TCM0114120 - Eligibility - entitlement: Working Tax Credit entitlement (Info)

Single people with children can qualify for Working Tax Credit (WTC) if they are working at least 16 hours weekly.

On or after 6 April 2012, couples with children are entitled to Working Tax Credit if they are both aged 16 or over and

  • they work at least 24 hours a week between them, with one person working at least 16 hours a week. If only one person works, that person must be working at least 24 hours a week,

or

  • one person works at least 16 hours a week and the other person cannot work because they are incapacitated, in hospital, in prison or entitled to Carer’s Allowance. This means they either
    • get paid Carer’s Allowance or
    • qualify for Carer’s Allowance, but do not actually get any payments as they receive other benefits instead

or

  • one person works at least 16 hours a week and that person qualifies for the disability element of Working Tax Credit,

or

  • one person works at least 16 hours a week and that person is aged 60 or over.

People without children who qualify for the disability element of Working Tax Credit must work at least 16 hours weekly.

People without children or a disability can qualify if they are aged 25 to 59 and work at least 30 hours weekly.

People without children or a disability can qualify if they are aged 60 or over and work at least 16 hours weekly from 6 April 2011.

WTC is made up of various elements

  • Basic element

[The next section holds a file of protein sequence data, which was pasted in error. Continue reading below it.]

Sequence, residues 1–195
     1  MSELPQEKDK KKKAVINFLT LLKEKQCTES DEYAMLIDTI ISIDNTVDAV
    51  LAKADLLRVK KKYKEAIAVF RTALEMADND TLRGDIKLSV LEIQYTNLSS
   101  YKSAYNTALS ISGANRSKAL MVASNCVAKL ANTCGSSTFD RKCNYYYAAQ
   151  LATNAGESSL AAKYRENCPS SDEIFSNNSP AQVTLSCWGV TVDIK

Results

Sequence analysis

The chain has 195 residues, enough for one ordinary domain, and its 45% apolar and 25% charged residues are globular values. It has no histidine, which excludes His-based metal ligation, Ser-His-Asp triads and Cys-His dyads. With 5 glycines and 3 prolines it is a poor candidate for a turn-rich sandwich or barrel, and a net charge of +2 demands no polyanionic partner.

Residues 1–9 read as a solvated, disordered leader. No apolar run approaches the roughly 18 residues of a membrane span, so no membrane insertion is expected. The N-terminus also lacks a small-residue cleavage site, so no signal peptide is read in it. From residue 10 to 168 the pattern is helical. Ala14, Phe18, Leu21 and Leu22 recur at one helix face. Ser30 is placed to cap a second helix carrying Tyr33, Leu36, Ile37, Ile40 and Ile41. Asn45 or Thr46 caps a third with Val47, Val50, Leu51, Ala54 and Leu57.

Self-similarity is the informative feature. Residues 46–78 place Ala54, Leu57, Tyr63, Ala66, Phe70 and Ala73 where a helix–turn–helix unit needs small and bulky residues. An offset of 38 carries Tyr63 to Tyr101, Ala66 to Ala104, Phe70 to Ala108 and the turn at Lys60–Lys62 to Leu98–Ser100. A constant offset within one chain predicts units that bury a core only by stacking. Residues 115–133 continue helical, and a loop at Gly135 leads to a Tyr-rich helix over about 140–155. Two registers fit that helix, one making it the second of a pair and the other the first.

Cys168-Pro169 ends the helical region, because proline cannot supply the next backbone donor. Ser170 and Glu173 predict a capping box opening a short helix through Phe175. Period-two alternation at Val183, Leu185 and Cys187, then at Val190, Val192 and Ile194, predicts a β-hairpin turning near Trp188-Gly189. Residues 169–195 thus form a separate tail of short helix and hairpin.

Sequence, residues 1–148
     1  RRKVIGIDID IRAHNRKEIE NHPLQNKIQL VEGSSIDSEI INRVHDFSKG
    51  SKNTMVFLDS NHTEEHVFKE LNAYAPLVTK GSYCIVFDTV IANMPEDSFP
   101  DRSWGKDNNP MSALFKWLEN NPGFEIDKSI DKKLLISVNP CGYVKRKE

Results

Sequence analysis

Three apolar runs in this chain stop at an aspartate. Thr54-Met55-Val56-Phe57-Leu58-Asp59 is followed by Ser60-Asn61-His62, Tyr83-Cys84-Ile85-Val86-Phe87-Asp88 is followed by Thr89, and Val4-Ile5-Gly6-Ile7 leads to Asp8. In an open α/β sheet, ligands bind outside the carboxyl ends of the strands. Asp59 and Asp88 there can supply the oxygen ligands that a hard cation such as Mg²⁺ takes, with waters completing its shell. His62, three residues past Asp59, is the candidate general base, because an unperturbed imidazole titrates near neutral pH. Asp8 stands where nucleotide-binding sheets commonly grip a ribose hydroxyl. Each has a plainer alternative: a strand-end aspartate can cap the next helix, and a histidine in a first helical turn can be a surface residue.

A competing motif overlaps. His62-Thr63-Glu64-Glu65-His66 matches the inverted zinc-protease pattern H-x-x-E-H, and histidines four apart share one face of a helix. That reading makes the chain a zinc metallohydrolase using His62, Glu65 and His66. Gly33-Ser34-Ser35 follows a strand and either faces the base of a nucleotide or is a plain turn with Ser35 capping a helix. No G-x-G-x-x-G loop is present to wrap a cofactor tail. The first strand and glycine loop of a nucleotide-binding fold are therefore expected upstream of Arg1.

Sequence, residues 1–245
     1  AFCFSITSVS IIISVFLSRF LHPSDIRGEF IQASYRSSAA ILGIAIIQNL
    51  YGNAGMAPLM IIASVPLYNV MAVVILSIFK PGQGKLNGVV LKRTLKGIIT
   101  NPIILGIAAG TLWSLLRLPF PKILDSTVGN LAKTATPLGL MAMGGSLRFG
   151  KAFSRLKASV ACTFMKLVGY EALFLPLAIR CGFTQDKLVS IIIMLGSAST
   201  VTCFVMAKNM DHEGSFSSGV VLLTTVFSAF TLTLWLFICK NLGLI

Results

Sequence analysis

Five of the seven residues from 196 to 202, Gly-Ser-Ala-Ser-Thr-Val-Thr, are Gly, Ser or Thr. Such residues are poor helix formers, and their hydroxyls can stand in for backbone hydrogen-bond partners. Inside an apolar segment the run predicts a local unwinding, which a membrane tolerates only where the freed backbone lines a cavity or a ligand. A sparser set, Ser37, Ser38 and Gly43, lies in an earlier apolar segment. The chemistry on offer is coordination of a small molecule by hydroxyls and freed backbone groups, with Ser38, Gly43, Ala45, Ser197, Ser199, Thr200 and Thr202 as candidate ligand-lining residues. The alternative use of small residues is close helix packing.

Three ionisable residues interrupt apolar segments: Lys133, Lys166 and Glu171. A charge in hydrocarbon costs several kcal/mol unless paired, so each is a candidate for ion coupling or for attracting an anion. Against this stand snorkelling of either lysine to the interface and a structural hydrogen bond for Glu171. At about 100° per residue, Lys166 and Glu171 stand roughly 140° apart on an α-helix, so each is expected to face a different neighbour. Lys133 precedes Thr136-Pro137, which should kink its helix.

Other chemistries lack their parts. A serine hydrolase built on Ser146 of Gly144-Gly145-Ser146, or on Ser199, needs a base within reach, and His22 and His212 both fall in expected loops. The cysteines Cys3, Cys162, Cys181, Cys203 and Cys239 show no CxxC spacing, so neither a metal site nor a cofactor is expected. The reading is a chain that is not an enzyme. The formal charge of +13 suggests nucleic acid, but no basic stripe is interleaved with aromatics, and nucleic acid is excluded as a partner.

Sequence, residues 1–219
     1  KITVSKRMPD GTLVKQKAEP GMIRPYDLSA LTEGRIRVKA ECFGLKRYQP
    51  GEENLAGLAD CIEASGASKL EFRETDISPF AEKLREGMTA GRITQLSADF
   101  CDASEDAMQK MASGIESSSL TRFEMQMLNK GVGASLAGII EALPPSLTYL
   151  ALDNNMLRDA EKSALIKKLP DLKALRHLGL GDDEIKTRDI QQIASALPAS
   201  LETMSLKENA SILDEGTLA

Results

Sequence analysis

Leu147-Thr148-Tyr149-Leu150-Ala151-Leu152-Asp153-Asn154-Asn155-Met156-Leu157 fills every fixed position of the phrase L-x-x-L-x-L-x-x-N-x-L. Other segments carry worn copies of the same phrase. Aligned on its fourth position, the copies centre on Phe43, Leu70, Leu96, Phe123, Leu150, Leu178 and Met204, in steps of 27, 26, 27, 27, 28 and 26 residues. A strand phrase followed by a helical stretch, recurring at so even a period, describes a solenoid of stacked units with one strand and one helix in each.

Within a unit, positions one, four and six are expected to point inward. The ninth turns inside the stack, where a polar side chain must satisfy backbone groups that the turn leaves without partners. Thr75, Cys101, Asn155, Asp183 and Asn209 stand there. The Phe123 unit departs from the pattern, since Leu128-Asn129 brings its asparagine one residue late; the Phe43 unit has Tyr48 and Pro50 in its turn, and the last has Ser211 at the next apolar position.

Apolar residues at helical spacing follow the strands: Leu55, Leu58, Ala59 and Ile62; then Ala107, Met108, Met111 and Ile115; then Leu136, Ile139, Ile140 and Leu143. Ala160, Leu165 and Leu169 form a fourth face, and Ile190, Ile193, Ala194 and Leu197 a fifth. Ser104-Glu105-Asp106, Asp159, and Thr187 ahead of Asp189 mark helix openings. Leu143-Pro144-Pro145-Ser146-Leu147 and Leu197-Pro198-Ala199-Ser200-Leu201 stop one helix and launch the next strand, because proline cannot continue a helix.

• Disability element
  • 30 hour element
  • Second adult element
  • Lone parent element
  • Severe disability element
  • 50 plus element
  • 50 plus, 30 hour element

Note: The 50 plus element was withdrawn on 6 April 2012.

  • WTC child care element (worth 70 per cent of allowable child care costs (up to a limit)).

General conditions of entitlement

A person is entitled to WTC if they

  • are working on the day of claim

or

  • have an offer of work which has been accepted at the date of the claim and the work is expected to start within seven days of making the claim

and 

  • the work is expected to continue for at least four weeks after the date of claim

and

  • the work is done for payment or expectation of payment

and

  • for a single person claim with children
    • have reached the age of 16
    • are working for 16 hours or more weekly
  • for a joint claim with children
    • both partners have reached the age of 16
    • are working for 24 hours or more weekly with one partner working at least 16 hours. If only one person works, that person must be working at least 24 hours a week,
or
    • one person works at least 16 hours a week and the other person cannot work because they are incapacitated, in hospital, in prison or entitled to Carer’s Allowance,
or
    • one person works at least 16 hours a week and that person qualifies for the disability element of Working Tax Credit,
or
    • one person works at least 16 hours a week and that person is aged 60 or over
  • for people without children who qualify for the disability element of Working Tax Credit
    • have reached the age of 16
    • are working for 16 hours or more weekly
  • for people aged 25 to 59 years of age without children or a disability
    • are working for at least 30 hours weekly (in a joint claim the other person must be at least 16)
  • for people aged 60 years or over without children or a disability
    • are working for at least 16 hours weekly (in a joint claim the other person must be at least 16).

When an award is set it can run until the end of a tax year when entitlement is reviewed. However, if there is a change affecting the maximum amount of tax credits available the tax credits award can be adjusted from the point of change.